Well, I hung around The Dip Lady long enough I figured it was time for me to purchase something. Not only were the dips very tasty, the price was right too. I walked away with four flavors for only $10. You can’t beat that!
Needless to say, I’m not just a fan, but I am a returning customer. If you are in Arizona for vacation, stop by the Mesa Swap Meet and visit The Dip Lady. Try a few or all of the samples. If you are not able to make it to Arizona soon, you can order some of her famous dips at www.diplady.com. A great snack while sitting out on your grilling patio next to a smokey pit!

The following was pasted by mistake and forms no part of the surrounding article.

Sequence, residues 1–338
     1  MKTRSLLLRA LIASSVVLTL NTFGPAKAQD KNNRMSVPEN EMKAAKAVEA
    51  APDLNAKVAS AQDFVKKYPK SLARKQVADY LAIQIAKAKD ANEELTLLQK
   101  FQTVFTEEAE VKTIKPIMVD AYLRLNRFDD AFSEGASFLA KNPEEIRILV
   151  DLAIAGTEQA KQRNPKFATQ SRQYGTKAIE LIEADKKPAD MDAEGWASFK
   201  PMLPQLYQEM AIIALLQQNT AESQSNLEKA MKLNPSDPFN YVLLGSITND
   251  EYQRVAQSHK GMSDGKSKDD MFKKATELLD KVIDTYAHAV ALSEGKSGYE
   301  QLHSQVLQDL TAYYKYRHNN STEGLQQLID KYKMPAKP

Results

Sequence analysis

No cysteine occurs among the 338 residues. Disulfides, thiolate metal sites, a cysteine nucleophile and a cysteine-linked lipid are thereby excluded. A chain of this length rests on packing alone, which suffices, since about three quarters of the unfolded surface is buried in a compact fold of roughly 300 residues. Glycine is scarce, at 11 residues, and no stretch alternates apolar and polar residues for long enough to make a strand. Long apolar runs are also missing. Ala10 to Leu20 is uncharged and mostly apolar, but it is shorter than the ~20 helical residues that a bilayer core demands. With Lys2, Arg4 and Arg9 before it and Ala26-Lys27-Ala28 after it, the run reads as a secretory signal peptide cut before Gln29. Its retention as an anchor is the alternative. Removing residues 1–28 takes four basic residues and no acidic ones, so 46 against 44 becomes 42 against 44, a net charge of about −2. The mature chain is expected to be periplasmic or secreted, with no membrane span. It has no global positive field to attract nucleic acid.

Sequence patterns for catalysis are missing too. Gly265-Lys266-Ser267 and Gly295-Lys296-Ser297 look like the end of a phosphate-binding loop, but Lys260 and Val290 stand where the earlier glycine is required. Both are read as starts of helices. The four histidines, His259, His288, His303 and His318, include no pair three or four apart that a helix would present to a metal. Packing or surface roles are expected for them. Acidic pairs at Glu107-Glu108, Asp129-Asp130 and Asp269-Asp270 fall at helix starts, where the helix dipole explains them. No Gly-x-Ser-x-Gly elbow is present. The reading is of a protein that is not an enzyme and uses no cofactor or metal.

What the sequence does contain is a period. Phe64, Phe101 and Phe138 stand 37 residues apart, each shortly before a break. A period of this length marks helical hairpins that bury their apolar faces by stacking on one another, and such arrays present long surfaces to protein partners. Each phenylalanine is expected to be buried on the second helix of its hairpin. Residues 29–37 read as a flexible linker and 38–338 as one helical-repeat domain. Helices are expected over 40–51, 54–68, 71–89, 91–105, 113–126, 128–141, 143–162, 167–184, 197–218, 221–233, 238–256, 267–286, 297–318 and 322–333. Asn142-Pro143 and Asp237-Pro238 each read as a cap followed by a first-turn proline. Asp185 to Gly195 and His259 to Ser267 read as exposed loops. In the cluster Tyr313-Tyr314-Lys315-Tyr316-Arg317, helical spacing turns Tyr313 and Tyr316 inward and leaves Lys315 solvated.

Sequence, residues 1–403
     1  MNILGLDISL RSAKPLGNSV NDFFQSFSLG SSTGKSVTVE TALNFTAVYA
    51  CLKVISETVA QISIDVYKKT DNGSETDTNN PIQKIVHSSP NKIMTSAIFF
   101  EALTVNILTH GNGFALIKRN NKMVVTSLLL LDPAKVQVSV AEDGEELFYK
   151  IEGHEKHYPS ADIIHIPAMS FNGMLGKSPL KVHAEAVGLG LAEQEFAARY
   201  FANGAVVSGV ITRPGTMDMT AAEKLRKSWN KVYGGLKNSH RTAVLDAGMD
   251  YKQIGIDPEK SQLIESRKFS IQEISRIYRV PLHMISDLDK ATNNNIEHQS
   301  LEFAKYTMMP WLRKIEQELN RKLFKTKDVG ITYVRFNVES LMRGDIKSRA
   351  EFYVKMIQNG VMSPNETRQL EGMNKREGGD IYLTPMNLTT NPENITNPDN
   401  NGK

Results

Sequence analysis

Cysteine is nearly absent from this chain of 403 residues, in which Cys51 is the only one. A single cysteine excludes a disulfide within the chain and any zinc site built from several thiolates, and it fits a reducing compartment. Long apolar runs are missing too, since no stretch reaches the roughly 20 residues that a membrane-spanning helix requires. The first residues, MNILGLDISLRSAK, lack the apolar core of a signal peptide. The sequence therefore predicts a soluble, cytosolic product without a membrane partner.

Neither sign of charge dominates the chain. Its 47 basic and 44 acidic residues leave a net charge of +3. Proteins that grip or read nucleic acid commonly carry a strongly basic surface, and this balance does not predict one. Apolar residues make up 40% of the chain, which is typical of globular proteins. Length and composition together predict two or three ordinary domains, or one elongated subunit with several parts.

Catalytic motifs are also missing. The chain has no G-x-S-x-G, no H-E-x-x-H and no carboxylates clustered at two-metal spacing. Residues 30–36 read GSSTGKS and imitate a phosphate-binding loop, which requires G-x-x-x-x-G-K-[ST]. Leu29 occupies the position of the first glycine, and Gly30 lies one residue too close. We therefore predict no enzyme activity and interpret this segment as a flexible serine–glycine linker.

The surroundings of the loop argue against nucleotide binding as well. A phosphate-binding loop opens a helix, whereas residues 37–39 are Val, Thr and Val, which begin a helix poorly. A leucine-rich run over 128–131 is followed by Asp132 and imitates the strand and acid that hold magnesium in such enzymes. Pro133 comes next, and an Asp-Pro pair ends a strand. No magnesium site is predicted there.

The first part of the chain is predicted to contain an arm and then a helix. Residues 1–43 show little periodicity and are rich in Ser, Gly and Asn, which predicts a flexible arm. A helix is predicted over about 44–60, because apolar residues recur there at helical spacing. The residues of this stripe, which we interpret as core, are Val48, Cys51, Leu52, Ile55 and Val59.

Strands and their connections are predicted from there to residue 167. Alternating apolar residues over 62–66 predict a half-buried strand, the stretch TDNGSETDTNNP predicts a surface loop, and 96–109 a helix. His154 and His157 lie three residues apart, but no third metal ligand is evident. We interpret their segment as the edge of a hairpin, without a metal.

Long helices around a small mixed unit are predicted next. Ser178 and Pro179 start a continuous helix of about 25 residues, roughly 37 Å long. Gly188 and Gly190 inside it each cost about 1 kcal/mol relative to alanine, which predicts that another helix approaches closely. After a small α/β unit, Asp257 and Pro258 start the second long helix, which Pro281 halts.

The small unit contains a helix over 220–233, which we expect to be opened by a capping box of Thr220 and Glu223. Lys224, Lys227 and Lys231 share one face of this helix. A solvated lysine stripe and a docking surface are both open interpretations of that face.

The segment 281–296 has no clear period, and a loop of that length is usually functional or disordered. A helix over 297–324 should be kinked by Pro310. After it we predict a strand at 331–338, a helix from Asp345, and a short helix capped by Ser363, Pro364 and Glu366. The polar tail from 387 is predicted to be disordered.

Sometimes life should stay simple. Though us Patrons enjoy working hard at making culinary masterpieces over a flame, we don’t always have the time to do so. Surprised you might be to the fact that we also work full-time jobs. Though we may post many things on here throughout the week, it’s not because we stay at home grilling and smoking meats all day, tho there are days where we wish we could do so. Days when the flirtatious considerations of leaving the trustworthy 9 to 5 and becoming a full-time food artist dance across the brainwaves of our minds. We sit back in our desk chair, stomachs groaning, while the pondering issues related to our work trade gather in the background. We exhale a sigh, because all we want to do is fill a coal chimney, stuff it with newspaper and light it with a flame. Then of course, reality strikes, and we can’t. We eat a granola bar to cater to grumbles of the stomach and press on until the whistle blows. During the winter when the sunlight is less than your blessed summer nights; we like most of you out there need to keep meals simple. A brat, corn and baked beans are one of the most intelligible meals you can get. So simple that the only spice I used was cracked pepper over the beans. It may be simple, but it hits the spot…always. In closing, cheers to those who work real jobs, a full eight-hour shift that allows little glimpse of sunlight. To those who need to think of something fast, remember there is always hot dogs, brats, corn and peppered baked beans. Grill On – POTP